This year, I’ve enlisted some of my writing buddies to help me blog about the wonderful/frustrating experience that is NaNoWriMo. This is Rhonda, a Wrimo I met two years ago.
"There is nothing to writing. All you do is sit down at a typewriter and bleed. " -- Ernest Hemingway
is one of my favorite quotes about writing. Another, coincidentally by
the same author, is “There is no rule on how to write. Sometimes it
comes easily and perfectly; sometimes it's like drilling rock and then
blasting it out with charges.”
November. NaNoWriMo. That time
of year when those of us who have silently, stealthily, steadily
struggled all year with putting passion on a page finally ADMIT to doing
so. That time of year when an otherwise lonely occupation/preoccupation
becomes social and lively. But 50,000 words in a month? 1667 words a
day? Isn’t that crazy?
The answer is YES. It IS crazy. The
late nights, the dreaded writer’s block, the pressure to make goal…it’s
all crazy. Crazy wonderful—if you don’t take it too seriously.
think it might also be crazy in a negative way—if you let it. The key
is not to let it. I know people who set “double goals” for themselves,
and instead of 1667 words per day, they aim to write twice that. If it
works for them, great. If it doesn’t work for you, don’t do it! I’ve
read message boards where participants are crying ALREADY about being
behind. Forget about that daily number. There will be days when you
write few words and days when the words can’t be turned off. Forget that
goal number—and just WRITE. After all, that’s the point of the project.
Some of my best work STARTED in NaNoWriMo in the years that I did NOT
make goal. And that’s okay…the end product was exactly what I wanted,
even if it took months more than just November to make it happen.
me, NaNoWriMo is less about making goal than it is about camaraderie.
It’s about friendship. It’s about taking a solitary activity like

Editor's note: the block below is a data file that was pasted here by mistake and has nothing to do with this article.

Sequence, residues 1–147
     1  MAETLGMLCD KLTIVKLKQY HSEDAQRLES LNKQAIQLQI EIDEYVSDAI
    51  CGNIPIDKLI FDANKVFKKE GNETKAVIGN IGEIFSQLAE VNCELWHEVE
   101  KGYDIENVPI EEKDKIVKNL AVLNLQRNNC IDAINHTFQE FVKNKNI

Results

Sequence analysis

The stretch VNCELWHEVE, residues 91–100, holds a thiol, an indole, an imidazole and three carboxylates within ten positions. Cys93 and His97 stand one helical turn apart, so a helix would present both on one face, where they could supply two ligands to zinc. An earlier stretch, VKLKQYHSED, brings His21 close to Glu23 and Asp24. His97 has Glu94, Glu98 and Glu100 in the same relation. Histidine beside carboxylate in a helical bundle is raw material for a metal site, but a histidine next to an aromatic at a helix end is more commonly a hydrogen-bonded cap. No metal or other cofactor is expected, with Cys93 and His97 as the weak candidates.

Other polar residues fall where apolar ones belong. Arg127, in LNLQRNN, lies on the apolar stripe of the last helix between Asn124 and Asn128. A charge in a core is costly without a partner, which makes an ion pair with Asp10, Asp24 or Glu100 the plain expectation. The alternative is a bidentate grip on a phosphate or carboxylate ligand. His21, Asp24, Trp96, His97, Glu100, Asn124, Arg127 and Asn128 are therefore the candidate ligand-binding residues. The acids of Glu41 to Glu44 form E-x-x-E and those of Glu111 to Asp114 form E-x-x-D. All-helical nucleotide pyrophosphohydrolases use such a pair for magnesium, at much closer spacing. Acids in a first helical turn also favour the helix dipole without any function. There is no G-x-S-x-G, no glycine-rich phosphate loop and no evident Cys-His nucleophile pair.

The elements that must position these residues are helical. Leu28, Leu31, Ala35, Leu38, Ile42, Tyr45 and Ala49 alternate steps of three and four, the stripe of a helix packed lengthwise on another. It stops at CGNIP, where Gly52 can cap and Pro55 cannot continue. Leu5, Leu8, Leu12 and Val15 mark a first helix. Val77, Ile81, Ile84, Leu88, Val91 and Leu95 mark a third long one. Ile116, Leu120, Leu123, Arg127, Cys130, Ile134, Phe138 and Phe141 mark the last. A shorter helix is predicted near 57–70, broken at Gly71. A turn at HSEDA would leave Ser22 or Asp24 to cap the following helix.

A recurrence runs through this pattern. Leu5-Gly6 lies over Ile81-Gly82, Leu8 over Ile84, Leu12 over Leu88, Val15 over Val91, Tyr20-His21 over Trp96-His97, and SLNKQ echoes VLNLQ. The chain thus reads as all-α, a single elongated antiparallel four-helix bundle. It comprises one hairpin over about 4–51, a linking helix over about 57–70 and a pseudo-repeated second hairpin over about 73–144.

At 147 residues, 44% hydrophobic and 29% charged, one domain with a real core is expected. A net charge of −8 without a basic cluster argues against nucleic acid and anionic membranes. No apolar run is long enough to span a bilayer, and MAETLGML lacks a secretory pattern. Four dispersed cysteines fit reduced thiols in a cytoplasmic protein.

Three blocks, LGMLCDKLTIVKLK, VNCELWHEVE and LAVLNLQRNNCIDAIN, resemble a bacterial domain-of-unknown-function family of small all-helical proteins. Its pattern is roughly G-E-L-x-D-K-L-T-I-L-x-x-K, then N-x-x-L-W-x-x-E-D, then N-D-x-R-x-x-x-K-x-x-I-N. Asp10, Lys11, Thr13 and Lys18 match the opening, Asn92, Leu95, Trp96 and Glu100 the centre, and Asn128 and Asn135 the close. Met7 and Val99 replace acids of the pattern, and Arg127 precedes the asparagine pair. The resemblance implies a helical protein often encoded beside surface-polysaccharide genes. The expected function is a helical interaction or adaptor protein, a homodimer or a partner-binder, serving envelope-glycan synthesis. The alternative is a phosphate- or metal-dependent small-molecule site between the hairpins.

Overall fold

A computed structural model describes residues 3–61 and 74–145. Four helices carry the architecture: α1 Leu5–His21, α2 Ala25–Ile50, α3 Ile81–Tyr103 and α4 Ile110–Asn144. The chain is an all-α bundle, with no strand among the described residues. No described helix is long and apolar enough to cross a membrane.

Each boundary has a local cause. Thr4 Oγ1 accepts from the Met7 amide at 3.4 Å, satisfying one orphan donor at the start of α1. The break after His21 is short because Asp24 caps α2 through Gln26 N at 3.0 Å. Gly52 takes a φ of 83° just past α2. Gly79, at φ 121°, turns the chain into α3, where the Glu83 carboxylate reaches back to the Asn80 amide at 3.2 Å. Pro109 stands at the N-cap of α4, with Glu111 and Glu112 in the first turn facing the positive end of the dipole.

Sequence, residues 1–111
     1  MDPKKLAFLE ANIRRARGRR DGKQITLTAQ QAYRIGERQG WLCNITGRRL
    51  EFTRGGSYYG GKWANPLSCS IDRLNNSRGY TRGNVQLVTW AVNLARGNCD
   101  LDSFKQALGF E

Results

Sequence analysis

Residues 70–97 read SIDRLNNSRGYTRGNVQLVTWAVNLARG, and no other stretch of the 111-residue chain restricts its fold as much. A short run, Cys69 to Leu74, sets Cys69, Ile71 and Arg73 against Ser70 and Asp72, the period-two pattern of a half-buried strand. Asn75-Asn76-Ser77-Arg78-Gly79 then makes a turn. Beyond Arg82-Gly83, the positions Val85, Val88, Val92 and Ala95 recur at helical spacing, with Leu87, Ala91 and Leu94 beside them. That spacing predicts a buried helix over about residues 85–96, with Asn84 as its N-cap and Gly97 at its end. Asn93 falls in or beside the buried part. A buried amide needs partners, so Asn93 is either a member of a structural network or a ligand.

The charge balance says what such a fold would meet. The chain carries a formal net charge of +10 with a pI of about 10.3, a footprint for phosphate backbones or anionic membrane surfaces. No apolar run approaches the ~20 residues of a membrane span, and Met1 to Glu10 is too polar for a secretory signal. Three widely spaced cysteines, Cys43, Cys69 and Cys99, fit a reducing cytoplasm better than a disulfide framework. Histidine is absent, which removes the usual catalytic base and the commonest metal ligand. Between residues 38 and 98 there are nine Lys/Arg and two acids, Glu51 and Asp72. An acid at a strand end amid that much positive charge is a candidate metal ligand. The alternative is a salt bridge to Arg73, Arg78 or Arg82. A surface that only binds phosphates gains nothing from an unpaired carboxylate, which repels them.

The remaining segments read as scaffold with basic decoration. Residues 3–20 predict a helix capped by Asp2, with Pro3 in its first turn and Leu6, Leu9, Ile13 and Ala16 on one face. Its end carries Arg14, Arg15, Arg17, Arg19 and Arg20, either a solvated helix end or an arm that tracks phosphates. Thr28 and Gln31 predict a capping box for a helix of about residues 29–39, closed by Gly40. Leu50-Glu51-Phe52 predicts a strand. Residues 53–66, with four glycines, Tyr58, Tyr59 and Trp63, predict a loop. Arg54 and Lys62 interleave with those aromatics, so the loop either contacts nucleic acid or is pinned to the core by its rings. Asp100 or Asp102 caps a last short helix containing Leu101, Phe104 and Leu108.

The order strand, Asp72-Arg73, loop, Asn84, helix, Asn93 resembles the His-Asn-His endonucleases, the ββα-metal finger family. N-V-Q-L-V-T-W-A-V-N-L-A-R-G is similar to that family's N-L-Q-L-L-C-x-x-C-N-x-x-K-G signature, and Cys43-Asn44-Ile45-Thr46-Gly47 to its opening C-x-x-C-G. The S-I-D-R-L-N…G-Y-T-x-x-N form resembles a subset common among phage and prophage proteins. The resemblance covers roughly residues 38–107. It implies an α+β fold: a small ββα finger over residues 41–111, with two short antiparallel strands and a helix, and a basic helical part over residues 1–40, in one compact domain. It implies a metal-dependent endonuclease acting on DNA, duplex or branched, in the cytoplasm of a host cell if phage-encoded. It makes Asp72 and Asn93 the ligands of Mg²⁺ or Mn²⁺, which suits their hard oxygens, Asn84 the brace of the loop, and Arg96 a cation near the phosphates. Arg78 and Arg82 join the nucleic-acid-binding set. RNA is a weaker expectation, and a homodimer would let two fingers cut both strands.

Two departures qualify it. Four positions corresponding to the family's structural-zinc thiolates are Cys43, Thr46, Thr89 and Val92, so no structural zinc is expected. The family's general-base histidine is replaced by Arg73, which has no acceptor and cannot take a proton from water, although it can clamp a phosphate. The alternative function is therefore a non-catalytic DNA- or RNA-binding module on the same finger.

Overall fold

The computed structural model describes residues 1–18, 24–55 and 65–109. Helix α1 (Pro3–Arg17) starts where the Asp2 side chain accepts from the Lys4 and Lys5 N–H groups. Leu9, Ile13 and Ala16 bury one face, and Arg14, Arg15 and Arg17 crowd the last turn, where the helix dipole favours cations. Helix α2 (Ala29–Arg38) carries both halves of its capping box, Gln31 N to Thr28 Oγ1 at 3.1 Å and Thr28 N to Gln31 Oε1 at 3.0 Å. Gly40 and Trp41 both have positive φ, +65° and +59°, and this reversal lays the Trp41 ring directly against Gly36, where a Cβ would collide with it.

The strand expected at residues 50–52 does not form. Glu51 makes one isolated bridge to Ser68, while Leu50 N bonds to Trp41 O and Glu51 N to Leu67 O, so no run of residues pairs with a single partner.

writing and making it social. It’s commiserating with others who
completely understand your point about your main character taking your
story in a bizarre direction that you didn’t plan. It’s coffee and
laughter, support and encouragement, sharing and constructive criticism.
It’s about coming out of your cave long enough to see that you’re not
alone in this mad desire to get that story that lives deep inside you
OUT for the world to see. It’s about connecting on a real level with
like-minded individuals whom you might not otherwise even meet. It’s
about sharing a love of the written word—even though sometimes, as
“Papa” said, it’s “like drilling rock and then blasting it out with
It’s November. Look around. There’s a chill in the
air, leftover Halloween candy is half price and Christmas displays are
up in the stores. Men are growing facial hair to support prostate cancer
awareness (or so they say), and crazy groups of people are meeting in
coffee shops all over the country. It’s November, and everything feels…
This week, Rhonda was a bit under the
weather and was unable to write her own blurb about
herself. So I’m doing it for her.
Rhonda taught high
school English for 20 years. She was in NC for a bit, met some crazy
Wrimos in Greenville, then apparently got “homesick” and decided to move
back to New York. We’ve all forgiven her for moving, but Greenville
write-ins are not the same without her.
Rhonda is an amazing writer of at least one Young Adult book that will
hopefully be published one day. I got to read a few chapters. Be